Open Access Senior Honors Thesis
Dr. Edward Sidlow
The United States has very few women political representatives, especially at the federal level. Many reasons exist for why women’s representation is not equal, including the power of incumbency and the persistence of gender roles which keep women from entering politics because of a general lack of education and a responsibility to care for one’s family. With the emergence of strong women like Hillary Clinton, the factors historically known to keep women from participating may not be applicable to today. These factors will be evaluated in expectation of finding what makes women politicians successful and what measures can be taken to increase the overall participation of women in all levels of politics.
In order to gauge the role of today’s women in politics, research will be done in a multitude of ways. First and foremost, many scholarly articles exist on this topic. The originals date back to the mid-1960s when second wave feminism was quite prominent. The factors that troubled women during this time will be examined to see how influential they remain today. The more recent works will also be studied to see if any new problems have arisen for today’s women politicians. Finally, newspaper articles and interviews will be closely analyzed to learn more about Hillary Clinton’s success.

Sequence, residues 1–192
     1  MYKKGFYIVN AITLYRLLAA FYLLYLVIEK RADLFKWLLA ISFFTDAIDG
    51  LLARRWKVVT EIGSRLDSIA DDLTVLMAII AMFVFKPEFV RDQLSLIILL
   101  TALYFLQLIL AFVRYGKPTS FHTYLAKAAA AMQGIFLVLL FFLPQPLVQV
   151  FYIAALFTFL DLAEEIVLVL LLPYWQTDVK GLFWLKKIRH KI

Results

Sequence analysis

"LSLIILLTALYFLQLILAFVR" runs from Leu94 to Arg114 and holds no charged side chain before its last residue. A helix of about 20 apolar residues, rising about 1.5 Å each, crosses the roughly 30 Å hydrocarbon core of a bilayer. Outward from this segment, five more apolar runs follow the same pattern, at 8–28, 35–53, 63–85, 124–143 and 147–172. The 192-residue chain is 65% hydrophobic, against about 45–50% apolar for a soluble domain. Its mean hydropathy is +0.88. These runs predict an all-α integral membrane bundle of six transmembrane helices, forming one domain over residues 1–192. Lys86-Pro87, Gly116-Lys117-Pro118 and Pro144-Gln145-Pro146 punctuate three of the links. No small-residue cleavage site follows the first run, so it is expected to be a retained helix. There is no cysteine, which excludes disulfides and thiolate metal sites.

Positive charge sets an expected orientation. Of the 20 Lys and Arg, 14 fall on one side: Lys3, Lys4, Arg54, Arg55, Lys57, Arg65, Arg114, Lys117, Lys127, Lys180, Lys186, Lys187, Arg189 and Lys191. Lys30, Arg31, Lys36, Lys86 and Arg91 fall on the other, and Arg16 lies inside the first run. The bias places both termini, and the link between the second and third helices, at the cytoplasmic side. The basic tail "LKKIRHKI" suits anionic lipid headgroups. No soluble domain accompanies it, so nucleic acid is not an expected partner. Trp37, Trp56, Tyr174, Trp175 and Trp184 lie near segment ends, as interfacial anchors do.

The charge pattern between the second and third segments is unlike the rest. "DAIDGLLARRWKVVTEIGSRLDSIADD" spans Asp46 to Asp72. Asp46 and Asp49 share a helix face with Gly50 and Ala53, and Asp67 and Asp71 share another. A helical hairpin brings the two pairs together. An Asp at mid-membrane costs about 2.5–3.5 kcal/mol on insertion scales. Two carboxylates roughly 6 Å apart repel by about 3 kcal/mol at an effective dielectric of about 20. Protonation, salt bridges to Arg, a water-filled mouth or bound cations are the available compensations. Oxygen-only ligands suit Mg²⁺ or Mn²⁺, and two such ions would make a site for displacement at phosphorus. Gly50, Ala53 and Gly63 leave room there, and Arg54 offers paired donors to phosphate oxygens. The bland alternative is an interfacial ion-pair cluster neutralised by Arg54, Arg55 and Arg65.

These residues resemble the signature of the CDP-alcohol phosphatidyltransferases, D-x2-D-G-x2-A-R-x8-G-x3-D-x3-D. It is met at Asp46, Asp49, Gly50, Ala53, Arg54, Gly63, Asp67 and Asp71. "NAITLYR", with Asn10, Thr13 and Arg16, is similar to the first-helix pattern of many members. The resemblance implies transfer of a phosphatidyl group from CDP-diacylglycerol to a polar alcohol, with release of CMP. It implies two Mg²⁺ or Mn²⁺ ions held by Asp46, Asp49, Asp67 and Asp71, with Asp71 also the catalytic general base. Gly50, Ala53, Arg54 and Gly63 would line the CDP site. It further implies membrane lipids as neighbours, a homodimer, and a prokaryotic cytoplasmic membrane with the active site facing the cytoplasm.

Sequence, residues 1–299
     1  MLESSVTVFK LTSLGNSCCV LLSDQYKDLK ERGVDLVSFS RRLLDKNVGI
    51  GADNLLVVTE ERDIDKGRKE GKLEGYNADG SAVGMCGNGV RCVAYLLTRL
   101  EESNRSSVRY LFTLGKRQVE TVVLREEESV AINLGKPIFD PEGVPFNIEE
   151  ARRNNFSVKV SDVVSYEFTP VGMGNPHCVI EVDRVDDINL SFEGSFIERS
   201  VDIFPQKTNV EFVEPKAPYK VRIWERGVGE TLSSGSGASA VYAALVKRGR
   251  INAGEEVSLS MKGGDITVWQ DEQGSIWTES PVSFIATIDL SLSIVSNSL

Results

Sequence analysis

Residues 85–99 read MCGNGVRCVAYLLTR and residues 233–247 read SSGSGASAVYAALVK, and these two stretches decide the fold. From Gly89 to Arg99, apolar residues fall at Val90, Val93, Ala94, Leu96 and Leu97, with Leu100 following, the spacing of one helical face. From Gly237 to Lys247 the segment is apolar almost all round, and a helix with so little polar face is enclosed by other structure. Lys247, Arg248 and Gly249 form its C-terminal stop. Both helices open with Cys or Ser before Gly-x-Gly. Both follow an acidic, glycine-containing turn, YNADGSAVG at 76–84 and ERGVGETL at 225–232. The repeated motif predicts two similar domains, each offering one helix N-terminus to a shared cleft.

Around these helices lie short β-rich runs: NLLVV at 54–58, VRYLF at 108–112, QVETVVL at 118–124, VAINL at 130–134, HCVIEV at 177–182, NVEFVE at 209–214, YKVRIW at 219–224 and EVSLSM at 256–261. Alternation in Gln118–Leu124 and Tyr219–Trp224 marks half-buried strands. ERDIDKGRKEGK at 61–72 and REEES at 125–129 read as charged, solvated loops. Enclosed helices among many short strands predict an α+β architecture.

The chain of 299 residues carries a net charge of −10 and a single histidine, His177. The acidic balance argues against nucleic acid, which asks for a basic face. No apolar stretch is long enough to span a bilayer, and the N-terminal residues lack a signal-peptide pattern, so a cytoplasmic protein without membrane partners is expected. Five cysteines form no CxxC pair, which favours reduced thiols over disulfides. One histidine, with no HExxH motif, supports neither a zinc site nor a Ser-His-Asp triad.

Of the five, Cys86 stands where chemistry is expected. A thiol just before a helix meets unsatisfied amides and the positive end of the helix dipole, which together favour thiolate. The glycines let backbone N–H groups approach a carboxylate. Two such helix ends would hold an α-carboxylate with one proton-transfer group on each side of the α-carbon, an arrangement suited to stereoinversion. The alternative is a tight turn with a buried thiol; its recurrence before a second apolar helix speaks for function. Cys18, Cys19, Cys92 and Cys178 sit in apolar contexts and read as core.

Kurtz, Rebecca, "Women Politicians: Why the United States Has So Few" (2008). Senior Honors Theses & Projects. 161.